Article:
Harry Young Quotes in Bliss
Was there anything beyond it? Harry said “No.” Voted her dullish, and “cold like all blond women, with a touch, perhaps, of anemia of the brain.” But Bertha wouldn't agree with him; not yet, at any rate.
“No, the way she has of sitting with her head a little on one side, and smiling, has something behind it, Harry, and I must find out what that something is.”
“Most likely it's a good stomach,” answered Harry.
He made a point of catching Bertha's heels with replies of that kind . . . “liver frozen, my dear girl,” or “pure flatulence,” or “kidney disease”. . . and so on. For some strange reason Bertha liked this, and most admired it in him very much.
And she seemed to see on her eyelids the lovely pear tree with its wide open blossoms as a symbol of her own life. Really—really—she had everything. She was young. Harry and she were as much in love as ever, and they got on together splendidly and were really good pals. She had an adorable baby. They didn’t have to worry, about money. . .
“I'm absurd. Absurd!” She sat up; but she felt quite dizzy, quite drunk. It must have been the spring. Yes, it was the spring. Now she was so tired she could not drag herself upstairs to dress. A white dress, a string of jade beads, green shoes and stockings. It wasn't intentional. She had thought of this scheme hours before she stood at the drawing-room window.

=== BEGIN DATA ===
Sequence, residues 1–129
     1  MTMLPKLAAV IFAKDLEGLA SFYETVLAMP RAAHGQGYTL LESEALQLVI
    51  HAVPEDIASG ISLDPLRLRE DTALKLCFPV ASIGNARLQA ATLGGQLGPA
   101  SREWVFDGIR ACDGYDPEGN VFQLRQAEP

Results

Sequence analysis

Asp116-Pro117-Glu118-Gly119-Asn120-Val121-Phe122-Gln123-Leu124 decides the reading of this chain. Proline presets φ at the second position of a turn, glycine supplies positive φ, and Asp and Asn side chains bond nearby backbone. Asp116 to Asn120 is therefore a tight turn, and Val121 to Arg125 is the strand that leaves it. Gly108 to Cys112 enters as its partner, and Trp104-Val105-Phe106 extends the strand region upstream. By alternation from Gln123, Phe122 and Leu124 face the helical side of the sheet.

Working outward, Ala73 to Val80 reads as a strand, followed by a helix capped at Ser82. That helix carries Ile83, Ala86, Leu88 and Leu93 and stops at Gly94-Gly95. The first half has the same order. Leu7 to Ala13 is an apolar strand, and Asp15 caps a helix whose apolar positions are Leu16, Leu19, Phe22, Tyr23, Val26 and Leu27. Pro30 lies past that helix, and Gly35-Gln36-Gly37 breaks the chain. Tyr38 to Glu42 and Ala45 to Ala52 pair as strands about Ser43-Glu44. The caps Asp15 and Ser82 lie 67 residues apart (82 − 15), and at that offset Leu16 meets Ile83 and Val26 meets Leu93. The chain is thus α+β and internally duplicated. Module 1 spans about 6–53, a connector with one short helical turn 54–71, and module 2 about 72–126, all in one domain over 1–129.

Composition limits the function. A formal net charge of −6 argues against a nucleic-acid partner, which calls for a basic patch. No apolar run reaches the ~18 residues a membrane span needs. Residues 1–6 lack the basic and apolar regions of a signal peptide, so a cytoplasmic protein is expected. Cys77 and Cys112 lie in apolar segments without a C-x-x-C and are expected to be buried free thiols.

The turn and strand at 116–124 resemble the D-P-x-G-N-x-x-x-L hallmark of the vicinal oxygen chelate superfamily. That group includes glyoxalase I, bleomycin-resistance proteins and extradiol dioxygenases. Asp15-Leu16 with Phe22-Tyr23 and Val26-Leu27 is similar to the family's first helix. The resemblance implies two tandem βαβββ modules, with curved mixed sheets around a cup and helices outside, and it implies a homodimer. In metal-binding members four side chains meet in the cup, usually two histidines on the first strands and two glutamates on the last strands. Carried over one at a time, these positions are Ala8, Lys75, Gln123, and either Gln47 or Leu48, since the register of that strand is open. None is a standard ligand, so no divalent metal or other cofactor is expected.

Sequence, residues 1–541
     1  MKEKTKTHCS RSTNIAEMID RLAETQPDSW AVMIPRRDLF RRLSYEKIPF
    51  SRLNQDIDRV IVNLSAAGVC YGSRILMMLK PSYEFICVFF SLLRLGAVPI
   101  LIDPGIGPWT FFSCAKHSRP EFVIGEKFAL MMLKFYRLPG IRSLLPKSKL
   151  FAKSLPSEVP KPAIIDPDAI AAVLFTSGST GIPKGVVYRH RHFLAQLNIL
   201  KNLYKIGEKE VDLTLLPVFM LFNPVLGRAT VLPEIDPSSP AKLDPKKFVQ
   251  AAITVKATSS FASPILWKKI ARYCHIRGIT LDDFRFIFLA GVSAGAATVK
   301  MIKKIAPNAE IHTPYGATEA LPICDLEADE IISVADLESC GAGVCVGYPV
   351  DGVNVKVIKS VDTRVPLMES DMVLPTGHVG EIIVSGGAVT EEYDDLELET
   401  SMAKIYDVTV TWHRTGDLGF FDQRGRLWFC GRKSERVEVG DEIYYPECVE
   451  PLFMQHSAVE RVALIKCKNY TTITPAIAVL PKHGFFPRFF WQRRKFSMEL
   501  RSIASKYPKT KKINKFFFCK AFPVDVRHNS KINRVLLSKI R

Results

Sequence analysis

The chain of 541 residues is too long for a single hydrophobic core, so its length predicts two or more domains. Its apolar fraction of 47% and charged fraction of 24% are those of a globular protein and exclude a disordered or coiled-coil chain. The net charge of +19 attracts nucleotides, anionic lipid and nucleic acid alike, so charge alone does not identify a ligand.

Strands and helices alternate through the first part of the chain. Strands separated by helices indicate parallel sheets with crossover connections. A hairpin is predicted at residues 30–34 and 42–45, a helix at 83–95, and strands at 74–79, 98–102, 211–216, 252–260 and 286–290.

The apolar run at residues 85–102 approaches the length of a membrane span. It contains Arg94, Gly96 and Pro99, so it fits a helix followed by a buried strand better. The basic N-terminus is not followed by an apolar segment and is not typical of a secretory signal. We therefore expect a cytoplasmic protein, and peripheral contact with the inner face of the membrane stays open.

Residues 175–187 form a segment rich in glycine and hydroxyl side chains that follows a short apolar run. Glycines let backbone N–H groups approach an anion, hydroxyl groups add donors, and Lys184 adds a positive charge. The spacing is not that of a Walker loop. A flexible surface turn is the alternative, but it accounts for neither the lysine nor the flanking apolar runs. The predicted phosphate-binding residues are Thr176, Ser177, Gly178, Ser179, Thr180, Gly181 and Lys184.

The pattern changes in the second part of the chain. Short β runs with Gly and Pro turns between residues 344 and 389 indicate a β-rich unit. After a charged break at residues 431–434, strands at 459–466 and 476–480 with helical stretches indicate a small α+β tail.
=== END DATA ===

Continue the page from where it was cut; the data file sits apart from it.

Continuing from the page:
At those last words something strange and almost terrifying darted into Bertha's mind. And this something blind and smiling whispered to her: “Soon these people will go— The house will be quiet—quiet. The lights will be out. And you and he will be alone together in the dark room—the warm bed.”— She jumped up from her chair and ran over to the piano. “What a pity someone does not play!” she cried. “What a pity somebody does not play.”
For the first time in her life Bertha Young desired her husband. Oh, she'd loved him – she'd been in love with him, of course, in every other way, but just not in that way.
While he looked it up she turned her head towards the hall. And she saw . . . Harry with Miss Fulton's coat in his arms and Miss Fulton with her back turned to him and her head bent. He tossed the coat away, put his hands on her shoulders and turned her violently to him. His lips said: “I adore you,” and Miss Fulton laid her moonbeam fingers on his cheeks and smiled her sleepy smile. Harry's nostrils quivered; his lips curled back in a hideous grin while he whispered: “To-morrow,” and with her eyelids Miss Fulton said: “Yes.”
“Here it is,” said Eddie. “‘Why Must it Always be Tomato Soup?’ So deeply true, don't you feel? Tomato soup is so dreadfully eternal.”
“If you prefer,” said Harry's voice, very loud, from the hall, “I can phone you a cab to come to the door.”
Miss Fulton held her hand a moment longer. “Your lovely pear tree!” she murmured. And then she was gone, with Eddie following, like the black cat following the grey cat.
“I'll shut up shop,” said Harry, extravagantly cool and collected.
“Your lovely pear tree—pear tree—pear tree!” Bertha simply ran over to the long windows.
“Oh, what is going to happen now?” she cried.
But the pear tree was as lovely as ever and as full of flower and as still.